Donald Trump Looks In Trouble According to Recent Polls. Could He Slowly Be Losing Support in the GOP? Florida Governor Ron DeSantis is increasingly looking like the GOP candidate to beat for the party’s nomination in 2024.
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According to a new poll of North Carolina Republicans conducted by Differentiators Data, DeSantis is closing in on majority support with 47 percent of support.
By contrast, former President Donald Trump, who is now the only Republican to date to officially announce a 2024 White House run, has 35 percent support.
Other names, which include former United Nations (UN) Ambassador Nikki Haley, who was also the governor of neighboring South Carolina, drew just 4 percent; while former Vice President Mike Pence and former Secretary of State Mike Pompeo each drew 2 percent.
The numbers for the Sunshine State governor look even better in New Hampshire, where DeSantis holds a double-digit lead over Trump in a poll from the University of New Hampshire Survey Center, which was released two days before the former president headed to the Granite State to give a keynote address at the state Republican Party’s annual meeting. Support for DeSantis stands at 42 percent compared to Trump at 30 percent.
The numbers look even better for DeSantis and worse for Trump in Iowa, where residents of the Hawkeye State were seen to favor the governor, who has as much as a 20-point lead – despite his admission last year he’s never been there. That is certainly likely to change if and when DeSantis officially enters the race.
DeSantis doesn’t maintain an advantage everywhere, however. He and Trump could both have a harder fight for South Carolina, as it is home not only to Haley, but also Senator Tim Scott, another Republican who may possibly enter the race.
Donald Trump vs. the Rest: Policy Will Matter
Where Ron DeSantis may have an advantage over Donald Trump, Haley, Pence, and Pompeo is that he is actually a sitting lawmaker whose policies are increasingly popular with his conservative base.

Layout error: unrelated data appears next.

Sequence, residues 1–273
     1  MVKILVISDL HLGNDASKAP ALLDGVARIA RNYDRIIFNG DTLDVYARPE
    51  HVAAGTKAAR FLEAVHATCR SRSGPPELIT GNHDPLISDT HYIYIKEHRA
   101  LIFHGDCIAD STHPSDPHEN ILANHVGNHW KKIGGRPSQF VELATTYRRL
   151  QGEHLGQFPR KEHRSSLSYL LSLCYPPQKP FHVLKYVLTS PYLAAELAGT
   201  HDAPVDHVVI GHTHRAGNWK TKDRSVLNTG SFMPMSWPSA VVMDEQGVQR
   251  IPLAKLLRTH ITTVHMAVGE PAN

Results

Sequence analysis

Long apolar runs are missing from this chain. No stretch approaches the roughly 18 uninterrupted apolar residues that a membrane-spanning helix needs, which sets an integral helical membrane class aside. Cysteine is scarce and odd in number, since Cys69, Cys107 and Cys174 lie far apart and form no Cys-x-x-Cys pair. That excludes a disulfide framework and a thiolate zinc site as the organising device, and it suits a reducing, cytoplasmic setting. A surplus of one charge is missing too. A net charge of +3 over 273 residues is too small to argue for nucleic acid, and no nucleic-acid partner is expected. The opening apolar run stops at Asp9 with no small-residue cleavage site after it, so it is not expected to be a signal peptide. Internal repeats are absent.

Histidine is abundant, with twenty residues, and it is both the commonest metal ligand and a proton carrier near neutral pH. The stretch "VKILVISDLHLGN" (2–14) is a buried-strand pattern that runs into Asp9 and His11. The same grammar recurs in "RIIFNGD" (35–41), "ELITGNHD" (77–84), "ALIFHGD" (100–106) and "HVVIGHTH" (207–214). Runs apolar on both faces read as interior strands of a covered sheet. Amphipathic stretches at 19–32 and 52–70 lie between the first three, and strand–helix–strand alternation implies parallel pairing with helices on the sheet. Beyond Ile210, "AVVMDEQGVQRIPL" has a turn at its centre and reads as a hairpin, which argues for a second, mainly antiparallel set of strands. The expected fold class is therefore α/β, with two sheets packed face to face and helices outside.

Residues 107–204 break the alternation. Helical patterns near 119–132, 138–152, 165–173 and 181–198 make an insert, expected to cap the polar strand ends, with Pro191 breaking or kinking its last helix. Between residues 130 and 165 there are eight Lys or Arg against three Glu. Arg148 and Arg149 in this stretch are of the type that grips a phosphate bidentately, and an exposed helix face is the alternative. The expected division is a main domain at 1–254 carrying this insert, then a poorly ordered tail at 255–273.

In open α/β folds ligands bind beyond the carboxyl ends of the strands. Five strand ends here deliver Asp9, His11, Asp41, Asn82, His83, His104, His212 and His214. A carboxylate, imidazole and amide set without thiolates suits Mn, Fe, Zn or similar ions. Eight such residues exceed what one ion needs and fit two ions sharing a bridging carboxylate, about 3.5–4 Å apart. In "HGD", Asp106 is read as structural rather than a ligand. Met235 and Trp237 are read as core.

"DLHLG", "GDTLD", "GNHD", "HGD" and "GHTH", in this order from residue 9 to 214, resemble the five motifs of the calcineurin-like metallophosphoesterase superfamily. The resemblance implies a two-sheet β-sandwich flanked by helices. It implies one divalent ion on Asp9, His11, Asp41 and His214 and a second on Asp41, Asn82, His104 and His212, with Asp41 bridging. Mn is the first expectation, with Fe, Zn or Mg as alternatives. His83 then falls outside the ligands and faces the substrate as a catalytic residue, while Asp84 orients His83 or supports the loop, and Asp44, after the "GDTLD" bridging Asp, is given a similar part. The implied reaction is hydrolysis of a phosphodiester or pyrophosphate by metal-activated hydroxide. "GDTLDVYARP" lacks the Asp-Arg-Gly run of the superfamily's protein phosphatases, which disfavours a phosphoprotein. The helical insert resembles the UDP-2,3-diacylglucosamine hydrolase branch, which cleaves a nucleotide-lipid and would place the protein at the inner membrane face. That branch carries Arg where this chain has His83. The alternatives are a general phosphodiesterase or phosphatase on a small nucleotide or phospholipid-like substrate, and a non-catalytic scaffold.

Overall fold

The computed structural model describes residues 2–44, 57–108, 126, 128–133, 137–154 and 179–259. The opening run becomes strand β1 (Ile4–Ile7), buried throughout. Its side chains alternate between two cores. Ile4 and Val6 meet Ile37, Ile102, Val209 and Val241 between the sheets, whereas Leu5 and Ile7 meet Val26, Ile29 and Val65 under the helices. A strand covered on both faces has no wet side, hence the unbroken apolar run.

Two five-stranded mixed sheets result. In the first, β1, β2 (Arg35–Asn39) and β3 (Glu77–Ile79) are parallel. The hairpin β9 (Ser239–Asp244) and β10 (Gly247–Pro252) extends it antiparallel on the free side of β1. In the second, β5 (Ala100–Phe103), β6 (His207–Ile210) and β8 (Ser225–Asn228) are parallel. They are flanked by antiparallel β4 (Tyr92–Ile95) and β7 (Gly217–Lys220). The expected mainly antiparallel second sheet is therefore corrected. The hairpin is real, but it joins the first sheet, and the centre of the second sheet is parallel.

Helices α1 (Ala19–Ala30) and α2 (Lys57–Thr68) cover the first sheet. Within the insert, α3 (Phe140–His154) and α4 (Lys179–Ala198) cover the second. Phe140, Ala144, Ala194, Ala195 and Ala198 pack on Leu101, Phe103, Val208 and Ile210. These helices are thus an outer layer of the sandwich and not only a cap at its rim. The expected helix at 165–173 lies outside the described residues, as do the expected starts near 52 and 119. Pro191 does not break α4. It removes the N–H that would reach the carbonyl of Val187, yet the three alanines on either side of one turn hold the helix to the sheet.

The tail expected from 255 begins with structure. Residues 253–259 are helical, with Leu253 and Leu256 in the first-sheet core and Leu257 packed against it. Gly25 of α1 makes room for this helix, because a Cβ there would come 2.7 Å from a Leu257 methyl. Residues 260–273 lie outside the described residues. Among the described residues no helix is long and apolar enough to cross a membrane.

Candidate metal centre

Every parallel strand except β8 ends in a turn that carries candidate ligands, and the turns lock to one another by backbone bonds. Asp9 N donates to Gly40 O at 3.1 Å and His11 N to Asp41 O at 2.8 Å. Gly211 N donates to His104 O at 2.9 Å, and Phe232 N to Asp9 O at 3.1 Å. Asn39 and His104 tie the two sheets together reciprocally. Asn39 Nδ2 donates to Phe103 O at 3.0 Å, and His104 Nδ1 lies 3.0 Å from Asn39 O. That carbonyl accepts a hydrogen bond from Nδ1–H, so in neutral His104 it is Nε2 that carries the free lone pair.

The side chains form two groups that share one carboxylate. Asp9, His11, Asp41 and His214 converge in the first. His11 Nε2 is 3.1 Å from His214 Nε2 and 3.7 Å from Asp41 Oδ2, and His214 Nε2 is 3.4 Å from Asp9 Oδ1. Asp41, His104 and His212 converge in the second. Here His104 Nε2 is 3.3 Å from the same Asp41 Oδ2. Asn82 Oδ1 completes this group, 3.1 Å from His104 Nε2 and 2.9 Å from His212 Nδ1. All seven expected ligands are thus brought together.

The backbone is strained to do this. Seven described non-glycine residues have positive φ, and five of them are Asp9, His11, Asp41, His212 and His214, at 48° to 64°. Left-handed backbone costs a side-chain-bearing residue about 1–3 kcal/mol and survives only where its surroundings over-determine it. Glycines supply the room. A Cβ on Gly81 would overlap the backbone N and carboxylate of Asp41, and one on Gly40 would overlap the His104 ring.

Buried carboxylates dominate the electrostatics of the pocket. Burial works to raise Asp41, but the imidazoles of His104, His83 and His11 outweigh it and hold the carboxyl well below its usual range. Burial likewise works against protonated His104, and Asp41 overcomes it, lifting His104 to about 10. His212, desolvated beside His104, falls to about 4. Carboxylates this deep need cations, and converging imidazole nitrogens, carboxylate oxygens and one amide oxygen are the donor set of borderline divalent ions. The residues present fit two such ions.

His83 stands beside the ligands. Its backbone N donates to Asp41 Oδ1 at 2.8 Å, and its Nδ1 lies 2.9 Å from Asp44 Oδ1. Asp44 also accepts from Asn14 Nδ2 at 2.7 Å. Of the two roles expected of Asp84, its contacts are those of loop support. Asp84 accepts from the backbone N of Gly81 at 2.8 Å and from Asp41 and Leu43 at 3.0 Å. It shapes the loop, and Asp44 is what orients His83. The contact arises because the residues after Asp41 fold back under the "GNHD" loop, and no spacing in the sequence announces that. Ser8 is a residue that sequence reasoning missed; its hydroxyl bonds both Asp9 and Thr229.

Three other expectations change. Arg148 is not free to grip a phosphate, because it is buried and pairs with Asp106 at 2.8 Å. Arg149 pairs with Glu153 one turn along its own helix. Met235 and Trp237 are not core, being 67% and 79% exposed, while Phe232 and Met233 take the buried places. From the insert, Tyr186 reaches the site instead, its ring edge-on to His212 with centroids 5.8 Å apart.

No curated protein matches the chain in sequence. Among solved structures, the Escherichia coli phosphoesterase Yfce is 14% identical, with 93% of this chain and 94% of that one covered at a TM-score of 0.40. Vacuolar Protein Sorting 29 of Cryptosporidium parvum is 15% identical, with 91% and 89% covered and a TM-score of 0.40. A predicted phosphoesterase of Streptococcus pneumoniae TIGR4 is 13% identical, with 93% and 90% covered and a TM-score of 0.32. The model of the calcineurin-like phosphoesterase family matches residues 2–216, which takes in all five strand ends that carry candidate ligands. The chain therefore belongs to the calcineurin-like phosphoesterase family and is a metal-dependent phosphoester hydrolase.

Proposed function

This week he outlined a sweeping criminal justice proposal that he introduced at the offices of the Miami Police Benevolent Association. He also recently addressed the Florida Sheriffs Association. DeSantis has called for the Sunshine State’s GOP-led Legislature to change Florida law that would allow juries to administer the death penalty by a supermajority rather than requiring unanimity.
The law could resonate even with some Democrats. The Parkland school shooter, who shot and killed 17 people, was spared the death penalty because one of the jurors voted against it.
DeSantis stated, “I don’t think justice was served.”
He also called upon lawmakers to crack down on colorful fentanyl pills – the so-called “rainbow fentanyl” that resembles candy – and has championed increased mandatory minimum sentences for fentanyl trafficking.
This week, DeSantis has faced backlash for rejecting African American studies in Florida’s schools, including from the NAACP. However, the move has earned praise from conservatives – and it is a sign that DeSantis won’t be a populist candidate should he run. But today, it is about securing the base and winning the hearts of independents, and he could be well on his way already.
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Author Experience and Expertise: A Senior Editor for 19FortyFive, Peter Suciu is a Michigan-based writer. He has contributed to more than four dozen magazines, newspapers, and websites with over 3,200 published pieces over a twenty-year career in journalism. He regularly writes about military hardware, firearms history, cybersecurity, politics, and international affairs. Peter is also a Contributing Writer for Forbes and Clearance Jobs. You can follow him on Twitter: @PeterSuciu.